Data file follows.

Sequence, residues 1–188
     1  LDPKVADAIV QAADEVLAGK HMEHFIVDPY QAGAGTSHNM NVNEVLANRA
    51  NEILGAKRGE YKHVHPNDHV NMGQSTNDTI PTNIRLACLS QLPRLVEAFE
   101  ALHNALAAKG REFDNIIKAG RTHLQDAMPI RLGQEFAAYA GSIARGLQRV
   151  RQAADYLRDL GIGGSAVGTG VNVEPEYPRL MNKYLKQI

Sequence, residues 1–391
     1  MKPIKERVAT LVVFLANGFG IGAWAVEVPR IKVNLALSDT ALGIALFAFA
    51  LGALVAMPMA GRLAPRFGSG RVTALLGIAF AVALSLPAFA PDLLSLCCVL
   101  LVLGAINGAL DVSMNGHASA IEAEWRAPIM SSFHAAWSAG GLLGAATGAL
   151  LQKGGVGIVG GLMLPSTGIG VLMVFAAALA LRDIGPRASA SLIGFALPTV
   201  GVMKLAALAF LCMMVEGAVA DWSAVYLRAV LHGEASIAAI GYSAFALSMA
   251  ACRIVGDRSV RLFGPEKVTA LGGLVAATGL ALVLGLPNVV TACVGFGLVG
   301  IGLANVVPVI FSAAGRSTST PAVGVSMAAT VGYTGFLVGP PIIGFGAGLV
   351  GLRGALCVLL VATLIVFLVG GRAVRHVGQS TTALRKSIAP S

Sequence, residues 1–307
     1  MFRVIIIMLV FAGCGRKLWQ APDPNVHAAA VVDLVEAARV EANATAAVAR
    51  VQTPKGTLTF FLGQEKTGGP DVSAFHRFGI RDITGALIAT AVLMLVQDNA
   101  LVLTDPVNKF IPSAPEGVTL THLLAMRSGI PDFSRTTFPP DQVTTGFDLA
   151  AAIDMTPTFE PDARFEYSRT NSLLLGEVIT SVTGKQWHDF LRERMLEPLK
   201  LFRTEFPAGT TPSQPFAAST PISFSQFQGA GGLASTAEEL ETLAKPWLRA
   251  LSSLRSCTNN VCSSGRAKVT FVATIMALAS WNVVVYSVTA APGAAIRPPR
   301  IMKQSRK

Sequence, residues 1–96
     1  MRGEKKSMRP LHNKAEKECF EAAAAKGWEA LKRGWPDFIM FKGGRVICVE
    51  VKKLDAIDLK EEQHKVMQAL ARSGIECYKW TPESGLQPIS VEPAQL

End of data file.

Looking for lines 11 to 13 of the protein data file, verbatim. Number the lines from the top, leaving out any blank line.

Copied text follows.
   201  GVMKLAALAF LCMMVEGAVA DWSAVYLRAV LHGEASIAAI GYSAFALSMA
   251  ACRIVGDRSV RLFGPEKVTA LGGLVAATGL ALVLGLPNVV TACVGFGLVG
   301  IGLANVVPVI FSAAGRSTST PAVGVSMAAT VGYTGFLVGP PIIGFGAGLV